True stories of a small flock of remarkable individuals -- and other critters.

Thursday, November 14, 2013


This was an extreme measure.

Let me explain.  
Lil'White had been pecking brutally at Lucy's neck. 
Lucy's neck feathers were all gone, and any new ones that emerged were promptly tweezed by Lil'White. 

This had been going on for months. It was horrible to watch.  
I tried everything I could think of to stop this behavior. I knew that Lil'White would create a bloody wound if she were allowed to continue.

With all options exhausted, I broke down and ordered "Pinless Peepers", a little pince-nez designed to prevent a bird from pecking flock mates while still allowing the bird to eat and drink.  

I had hoped for pink ones.  They sent blue ones. 

With a bit of a struggle, I placed the Peepers on Lil'White's beak, clipping them into her nostrils.
Lil'White would have thrown this brick at my head if she could have. 
She was livid.

But the Peepers worked. The Lucy-plucking subsided, and after a few days Lil'White seemed to adjust somewhat to the contraption. 

It took about a month for Lucy to transform from scraggly
back to glorious.   
But at what cost?    
I felt I had only transferred the torture of one bird to the torture of another. 

And Lil'White continued to despise me -- more than she ever did, if that's even possible. 
There had to be a better solution. 

Sunday, November 3, 2013

A Chicken in Love

Until recently, Marky's job was a piece of cake.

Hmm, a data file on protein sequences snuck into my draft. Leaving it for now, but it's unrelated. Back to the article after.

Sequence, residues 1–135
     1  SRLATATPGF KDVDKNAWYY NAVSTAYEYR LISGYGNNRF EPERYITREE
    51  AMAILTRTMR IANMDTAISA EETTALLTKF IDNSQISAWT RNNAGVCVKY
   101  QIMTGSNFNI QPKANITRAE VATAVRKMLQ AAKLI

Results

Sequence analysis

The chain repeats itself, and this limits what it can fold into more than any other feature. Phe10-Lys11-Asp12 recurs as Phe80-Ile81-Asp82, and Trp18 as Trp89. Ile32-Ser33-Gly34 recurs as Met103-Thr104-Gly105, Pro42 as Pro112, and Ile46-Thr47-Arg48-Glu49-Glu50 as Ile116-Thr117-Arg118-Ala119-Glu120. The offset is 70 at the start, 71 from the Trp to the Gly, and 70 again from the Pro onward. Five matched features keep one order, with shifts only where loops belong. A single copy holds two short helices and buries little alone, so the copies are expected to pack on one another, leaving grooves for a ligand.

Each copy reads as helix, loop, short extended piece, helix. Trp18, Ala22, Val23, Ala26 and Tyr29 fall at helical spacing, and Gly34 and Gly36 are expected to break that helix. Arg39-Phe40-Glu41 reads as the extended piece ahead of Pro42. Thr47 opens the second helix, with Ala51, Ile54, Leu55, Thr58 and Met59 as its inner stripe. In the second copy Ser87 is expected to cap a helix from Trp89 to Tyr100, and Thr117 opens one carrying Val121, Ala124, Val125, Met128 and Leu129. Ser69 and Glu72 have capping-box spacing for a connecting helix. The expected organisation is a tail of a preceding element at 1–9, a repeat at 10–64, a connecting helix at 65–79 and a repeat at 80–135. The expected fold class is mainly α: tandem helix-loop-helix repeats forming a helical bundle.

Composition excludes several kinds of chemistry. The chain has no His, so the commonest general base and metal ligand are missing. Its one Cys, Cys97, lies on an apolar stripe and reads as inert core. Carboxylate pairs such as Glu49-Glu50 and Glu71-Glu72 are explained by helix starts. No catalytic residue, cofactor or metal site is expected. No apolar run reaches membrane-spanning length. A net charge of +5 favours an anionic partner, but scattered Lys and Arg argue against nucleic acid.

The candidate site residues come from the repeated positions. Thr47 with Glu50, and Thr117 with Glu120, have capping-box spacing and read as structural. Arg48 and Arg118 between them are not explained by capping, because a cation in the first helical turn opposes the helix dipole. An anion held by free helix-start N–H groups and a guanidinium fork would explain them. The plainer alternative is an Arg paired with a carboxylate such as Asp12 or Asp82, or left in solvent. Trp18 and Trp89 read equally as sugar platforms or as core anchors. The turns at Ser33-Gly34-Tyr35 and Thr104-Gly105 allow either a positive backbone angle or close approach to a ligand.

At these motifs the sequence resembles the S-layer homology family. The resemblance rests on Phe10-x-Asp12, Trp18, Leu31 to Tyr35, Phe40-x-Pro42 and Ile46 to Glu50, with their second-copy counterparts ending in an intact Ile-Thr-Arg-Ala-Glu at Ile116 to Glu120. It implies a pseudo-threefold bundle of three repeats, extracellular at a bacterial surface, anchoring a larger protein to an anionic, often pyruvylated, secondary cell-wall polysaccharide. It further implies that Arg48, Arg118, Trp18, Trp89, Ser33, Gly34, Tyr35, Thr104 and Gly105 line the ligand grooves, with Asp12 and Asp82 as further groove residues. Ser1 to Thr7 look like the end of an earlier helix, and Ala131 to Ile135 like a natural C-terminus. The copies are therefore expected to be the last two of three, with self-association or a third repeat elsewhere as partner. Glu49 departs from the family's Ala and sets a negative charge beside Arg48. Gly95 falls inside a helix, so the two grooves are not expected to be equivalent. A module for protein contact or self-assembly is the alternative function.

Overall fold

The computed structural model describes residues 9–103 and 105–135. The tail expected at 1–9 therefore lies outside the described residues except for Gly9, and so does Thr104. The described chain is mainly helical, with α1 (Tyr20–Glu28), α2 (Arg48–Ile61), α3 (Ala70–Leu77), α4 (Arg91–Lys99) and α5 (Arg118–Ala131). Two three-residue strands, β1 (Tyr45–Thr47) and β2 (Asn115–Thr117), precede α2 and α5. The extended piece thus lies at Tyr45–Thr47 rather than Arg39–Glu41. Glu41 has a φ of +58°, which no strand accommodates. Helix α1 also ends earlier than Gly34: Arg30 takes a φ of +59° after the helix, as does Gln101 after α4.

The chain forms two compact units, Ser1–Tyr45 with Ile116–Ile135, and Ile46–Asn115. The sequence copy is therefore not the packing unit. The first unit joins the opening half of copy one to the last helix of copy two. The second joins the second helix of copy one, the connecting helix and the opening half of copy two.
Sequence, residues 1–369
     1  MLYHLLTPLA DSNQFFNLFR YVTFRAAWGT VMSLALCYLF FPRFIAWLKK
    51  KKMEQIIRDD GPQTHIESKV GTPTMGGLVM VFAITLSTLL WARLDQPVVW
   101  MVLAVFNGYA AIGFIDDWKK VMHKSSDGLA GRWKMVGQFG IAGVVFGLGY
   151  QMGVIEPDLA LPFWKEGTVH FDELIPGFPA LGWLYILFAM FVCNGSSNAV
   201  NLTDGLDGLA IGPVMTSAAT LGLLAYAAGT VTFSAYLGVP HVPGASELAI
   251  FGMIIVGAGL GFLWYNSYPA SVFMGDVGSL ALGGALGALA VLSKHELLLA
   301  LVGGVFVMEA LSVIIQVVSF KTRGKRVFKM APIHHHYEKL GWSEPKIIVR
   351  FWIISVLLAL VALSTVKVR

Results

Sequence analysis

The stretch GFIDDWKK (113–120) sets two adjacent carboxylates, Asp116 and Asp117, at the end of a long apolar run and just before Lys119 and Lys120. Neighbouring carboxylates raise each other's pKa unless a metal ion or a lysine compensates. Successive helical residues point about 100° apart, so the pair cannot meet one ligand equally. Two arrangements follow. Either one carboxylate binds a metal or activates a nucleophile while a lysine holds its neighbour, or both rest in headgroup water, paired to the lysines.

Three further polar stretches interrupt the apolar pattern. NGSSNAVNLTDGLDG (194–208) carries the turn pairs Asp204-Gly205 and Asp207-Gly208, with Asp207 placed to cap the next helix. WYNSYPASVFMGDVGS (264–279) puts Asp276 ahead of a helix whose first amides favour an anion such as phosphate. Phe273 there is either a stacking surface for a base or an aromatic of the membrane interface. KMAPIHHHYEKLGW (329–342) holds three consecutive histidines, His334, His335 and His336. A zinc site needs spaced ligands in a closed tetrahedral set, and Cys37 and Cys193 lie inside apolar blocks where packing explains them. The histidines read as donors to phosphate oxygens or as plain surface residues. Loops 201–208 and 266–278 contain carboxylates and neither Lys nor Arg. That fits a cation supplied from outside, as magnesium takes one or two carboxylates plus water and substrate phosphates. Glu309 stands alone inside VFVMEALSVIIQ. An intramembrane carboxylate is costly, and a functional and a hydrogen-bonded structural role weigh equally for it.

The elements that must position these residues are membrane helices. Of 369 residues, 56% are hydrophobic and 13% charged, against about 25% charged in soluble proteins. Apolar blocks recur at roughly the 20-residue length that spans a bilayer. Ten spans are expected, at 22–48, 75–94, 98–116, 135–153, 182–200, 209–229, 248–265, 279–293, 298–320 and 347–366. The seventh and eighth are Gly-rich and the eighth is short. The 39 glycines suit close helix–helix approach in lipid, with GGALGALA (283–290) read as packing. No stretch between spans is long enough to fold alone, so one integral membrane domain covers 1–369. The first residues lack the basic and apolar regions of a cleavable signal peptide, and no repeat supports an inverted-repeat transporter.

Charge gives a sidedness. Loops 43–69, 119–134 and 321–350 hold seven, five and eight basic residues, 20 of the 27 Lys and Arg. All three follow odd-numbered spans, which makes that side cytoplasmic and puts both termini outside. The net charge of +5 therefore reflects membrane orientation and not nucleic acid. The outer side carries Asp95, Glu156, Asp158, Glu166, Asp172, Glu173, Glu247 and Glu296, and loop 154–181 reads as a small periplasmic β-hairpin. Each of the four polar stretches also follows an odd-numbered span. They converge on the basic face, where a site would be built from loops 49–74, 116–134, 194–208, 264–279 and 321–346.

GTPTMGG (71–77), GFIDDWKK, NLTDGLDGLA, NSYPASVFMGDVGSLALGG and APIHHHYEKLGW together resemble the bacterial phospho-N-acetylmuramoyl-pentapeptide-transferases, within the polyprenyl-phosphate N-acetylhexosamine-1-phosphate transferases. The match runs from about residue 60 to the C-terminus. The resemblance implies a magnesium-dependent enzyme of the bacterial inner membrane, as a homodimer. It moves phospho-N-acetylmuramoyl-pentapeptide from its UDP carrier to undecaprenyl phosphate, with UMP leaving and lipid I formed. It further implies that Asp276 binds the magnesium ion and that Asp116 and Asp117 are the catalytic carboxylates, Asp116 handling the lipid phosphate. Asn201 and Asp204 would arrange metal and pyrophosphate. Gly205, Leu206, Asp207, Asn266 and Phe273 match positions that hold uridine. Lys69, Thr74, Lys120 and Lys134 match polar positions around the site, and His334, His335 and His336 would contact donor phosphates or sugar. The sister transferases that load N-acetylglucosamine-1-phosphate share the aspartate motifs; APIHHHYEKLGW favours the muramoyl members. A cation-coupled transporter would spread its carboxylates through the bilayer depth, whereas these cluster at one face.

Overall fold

He was in charge of three old ladies.
Lil'White and Daisy have never been much trouble, 
and Lucy hardly ever moves from her chosen spot.

This was a pretty cushy job.  
.  .  .  .  .  .  .  .  

Then came the four young Nuggets.  
Four additional chickens shouldn't have been much of a challenge for a professional chicken-protector like Marky…. 

But these four chickens were unlike any that Marky had met before.
These four Nuggets adored the dog. 
They truly enjoyed his company.  
These little gals gleefully pushed the boundaries of chicken-canine relations. 

They stared at him.

They flapped at him.
They cornered him. 

They napped with him.

They stalked the poor guy.

Being friendly with the flock was not part of Marky's job description.

All this attention made him very uncomfortable.  
.  .  .  .  .  .  .  .  .     

Eventually, Marky felt pressed to teach each of the little ladies a lesson. 

Below, for example, was Phoebe's moment.  She came in from the left and scooted behind Marky.... just a little too tight a squeeze.

Don't worry -- she escaped unplucked.

Next, Dorrie pushed her luck 
She got a little too close.

Just moments after I clicked this photo, Marky expressed his feelings toward Dorrie.  She now demonstrates  proper respect for the dog's personal space. 

One by one, each of the little ladies learned the hard way that Marky's beak contains teeth.

Scarlett, the little Buckeye, had her moment with the teeth, too, but she was not deterred. 

Every day, Scarlett continues to risk her shiny red feathers….

to be near the dog.
She examines him from behind. 
She gazes deep into his eyes.

Marky just wants to be left alone. 
Scarlett just wants to be close to Marky.
Wherever the dog goes, Scarlett finds him. 
Marky has become extra patient with this little gal. 
Maybe he realizes that another display of fangs will be useless in thwarting her advances.

He tries to ignore her. 
And I try to fend off disaster.
It's Scarlett I'm scolding in this photo - not Marky. 
And still she doesn't get it. 
Thank you, Marky, for not killing the chicken today.

…'s not easy being Marky. 

But it's also not easy being a chicken in love.